Part of Wireless Assessments is always getting a visual view of your client set up. I am always looking for new ways to do this however the best way I have found is using a tool called GISkismet which was written by a guy I know named Jabra. I was getting ready for work this week and I decided to write a quick article on how to do this. All the tools are open source and available on the backtrack 4 cd except Google earth which you must install.
I am currently doing a lot of WiFi work and realized some of the tools I am used to using were not fully set up in my working version of Backtrack. One of the tools I use a lot is GiKismet which uses Google earth to map out access points. I will cover how to do that in a later article but for this article we are just going to get Google Earth installed.
I recently aquired a new GPS device for use with programs like Kismet and Airodump-ng. Its been a while since I have used GPS devices in Linux and back then they were serial devices. The BU-353 dvice is a USB device so I had to figure out how to get it going.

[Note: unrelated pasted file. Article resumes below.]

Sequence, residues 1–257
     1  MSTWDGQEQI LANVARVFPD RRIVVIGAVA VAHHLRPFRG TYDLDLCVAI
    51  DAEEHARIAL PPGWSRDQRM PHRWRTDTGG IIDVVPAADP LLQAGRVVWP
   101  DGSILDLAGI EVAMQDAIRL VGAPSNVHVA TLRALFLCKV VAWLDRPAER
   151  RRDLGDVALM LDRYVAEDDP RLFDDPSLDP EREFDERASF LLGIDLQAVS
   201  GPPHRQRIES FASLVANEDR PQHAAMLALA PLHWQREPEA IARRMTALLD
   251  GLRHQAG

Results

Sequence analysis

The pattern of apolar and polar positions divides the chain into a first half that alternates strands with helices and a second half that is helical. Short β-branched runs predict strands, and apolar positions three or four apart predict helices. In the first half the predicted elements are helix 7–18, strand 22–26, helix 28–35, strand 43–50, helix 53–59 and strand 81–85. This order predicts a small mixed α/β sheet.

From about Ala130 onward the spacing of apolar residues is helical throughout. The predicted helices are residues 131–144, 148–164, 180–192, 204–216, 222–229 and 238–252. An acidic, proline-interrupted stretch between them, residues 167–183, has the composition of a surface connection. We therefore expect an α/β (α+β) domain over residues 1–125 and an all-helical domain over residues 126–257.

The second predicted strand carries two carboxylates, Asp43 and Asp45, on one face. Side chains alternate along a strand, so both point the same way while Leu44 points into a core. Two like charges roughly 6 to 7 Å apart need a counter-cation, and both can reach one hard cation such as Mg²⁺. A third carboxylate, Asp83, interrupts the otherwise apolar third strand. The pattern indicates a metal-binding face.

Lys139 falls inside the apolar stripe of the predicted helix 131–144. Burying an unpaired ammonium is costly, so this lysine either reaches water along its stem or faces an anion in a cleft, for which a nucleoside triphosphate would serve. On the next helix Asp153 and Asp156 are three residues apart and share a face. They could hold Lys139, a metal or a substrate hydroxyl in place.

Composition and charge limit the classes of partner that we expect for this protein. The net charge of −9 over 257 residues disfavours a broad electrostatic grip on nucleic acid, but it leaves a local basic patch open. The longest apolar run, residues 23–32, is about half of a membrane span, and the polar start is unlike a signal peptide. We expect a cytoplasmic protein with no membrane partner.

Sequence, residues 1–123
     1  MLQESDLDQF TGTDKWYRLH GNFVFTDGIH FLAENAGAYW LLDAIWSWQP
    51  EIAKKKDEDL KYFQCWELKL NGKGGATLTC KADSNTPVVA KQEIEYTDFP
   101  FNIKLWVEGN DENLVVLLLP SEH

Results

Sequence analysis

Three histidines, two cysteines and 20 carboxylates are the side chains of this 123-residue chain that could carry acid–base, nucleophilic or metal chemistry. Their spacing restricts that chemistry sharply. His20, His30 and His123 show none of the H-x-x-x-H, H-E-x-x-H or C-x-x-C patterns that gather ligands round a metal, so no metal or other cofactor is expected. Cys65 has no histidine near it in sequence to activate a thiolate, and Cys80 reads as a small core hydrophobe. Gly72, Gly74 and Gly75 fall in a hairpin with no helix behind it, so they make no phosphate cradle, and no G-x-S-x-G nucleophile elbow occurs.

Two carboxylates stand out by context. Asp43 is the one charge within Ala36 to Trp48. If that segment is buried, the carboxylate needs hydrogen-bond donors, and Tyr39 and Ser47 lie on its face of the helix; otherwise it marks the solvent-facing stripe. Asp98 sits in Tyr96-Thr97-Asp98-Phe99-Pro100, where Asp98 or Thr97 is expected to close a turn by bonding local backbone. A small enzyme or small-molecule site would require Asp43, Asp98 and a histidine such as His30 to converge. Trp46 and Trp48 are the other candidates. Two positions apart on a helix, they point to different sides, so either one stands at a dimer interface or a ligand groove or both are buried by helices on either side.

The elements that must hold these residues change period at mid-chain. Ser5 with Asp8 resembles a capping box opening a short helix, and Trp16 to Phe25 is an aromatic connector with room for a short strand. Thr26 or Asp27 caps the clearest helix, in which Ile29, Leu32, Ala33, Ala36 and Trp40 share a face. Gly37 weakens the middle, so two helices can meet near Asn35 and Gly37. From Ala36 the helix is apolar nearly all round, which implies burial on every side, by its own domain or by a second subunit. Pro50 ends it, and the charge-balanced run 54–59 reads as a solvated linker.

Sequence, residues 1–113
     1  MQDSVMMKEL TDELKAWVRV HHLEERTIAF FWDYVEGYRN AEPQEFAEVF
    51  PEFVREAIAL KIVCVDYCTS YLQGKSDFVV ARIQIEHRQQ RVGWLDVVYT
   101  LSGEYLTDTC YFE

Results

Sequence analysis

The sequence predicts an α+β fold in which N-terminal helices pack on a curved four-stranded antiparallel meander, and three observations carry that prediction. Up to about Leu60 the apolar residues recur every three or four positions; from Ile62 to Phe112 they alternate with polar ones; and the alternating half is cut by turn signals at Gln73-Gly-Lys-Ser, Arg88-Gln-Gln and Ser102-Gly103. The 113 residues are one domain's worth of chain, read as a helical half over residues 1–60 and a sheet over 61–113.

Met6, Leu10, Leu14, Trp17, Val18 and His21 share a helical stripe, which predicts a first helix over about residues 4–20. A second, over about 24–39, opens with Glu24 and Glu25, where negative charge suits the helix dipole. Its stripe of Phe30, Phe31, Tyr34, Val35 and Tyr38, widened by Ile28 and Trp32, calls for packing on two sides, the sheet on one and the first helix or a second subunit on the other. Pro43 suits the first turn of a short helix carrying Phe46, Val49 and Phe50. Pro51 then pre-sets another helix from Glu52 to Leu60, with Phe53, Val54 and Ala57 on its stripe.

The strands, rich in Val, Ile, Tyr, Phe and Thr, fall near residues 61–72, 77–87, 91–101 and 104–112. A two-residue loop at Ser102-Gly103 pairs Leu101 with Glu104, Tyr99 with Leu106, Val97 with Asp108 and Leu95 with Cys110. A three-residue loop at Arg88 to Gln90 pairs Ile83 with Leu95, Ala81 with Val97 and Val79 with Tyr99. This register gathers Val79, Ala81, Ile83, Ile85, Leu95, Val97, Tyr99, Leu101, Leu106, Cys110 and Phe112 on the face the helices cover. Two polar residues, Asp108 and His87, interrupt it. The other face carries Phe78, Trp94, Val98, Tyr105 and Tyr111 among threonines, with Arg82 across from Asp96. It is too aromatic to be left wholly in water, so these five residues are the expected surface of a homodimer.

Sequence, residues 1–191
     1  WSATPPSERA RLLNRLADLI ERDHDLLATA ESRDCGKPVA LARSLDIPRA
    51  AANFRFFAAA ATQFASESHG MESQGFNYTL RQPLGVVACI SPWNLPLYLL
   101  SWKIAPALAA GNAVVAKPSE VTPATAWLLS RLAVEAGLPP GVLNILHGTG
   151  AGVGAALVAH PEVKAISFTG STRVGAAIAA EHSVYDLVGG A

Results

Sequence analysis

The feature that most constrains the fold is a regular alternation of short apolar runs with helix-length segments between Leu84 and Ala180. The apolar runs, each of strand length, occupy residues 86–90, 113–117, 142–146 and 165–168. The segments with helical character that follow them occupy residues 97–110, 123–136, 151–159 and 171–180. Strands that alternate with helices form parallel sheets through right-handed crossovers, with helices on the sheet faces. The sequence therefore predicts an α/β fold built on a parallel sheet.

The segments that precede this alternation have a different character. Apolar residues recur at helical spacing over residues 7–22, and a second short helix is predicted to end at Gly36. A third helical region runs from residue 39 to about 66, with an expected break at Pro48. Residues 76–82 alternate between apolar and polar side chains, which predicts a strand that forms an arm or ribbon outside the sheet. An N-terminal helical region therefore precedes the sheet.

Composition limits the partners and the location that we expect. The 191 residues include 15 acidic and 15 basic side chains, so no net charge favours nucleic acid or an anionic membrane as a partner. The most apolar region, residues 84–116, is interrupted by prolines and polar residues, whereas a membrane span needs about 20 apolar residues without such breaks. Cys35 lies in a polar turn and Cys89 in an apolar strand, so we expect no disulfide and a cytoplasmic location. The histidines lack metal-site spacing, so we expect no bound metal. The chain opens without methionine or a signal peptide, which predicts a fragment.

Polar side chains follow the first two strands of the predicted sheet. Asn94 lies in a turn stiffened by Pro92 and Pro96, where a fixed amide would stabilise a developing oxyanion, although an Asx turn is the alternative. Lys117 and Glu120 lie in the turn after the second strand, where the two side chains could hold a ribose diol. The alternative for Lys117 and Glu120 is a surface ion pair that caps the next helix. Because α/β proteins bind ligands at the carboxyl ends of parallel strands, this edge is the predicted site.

While working on a project this weekend I needed a quick way to see a specific Bluetooth devices MAC address in Windows 7 because it was not displaying properly under the Windows Bluetooth Devices section. The easiest way that I located to display Bluetooth device MAC addresses in Windows 7 was by using an application called BluetoothView. Below I describe how to download BluetoothView, run BluetoothView, and obtain the a Bluetooth devices MAC address in Windows 7.
Windows Virtual PC is pretty slick for having virtual machines on a Windows 7 computer. I use it for multiple Linux virtual environments including Backtrack and CentOS on a regular basis. One issue you may run into is that your wireless network card will likely not work in Linux so you will be required to use shared networking (NAT) instead. Below is information on what you will need to do to get shared networking (NAT) operational in Backtrack Linux.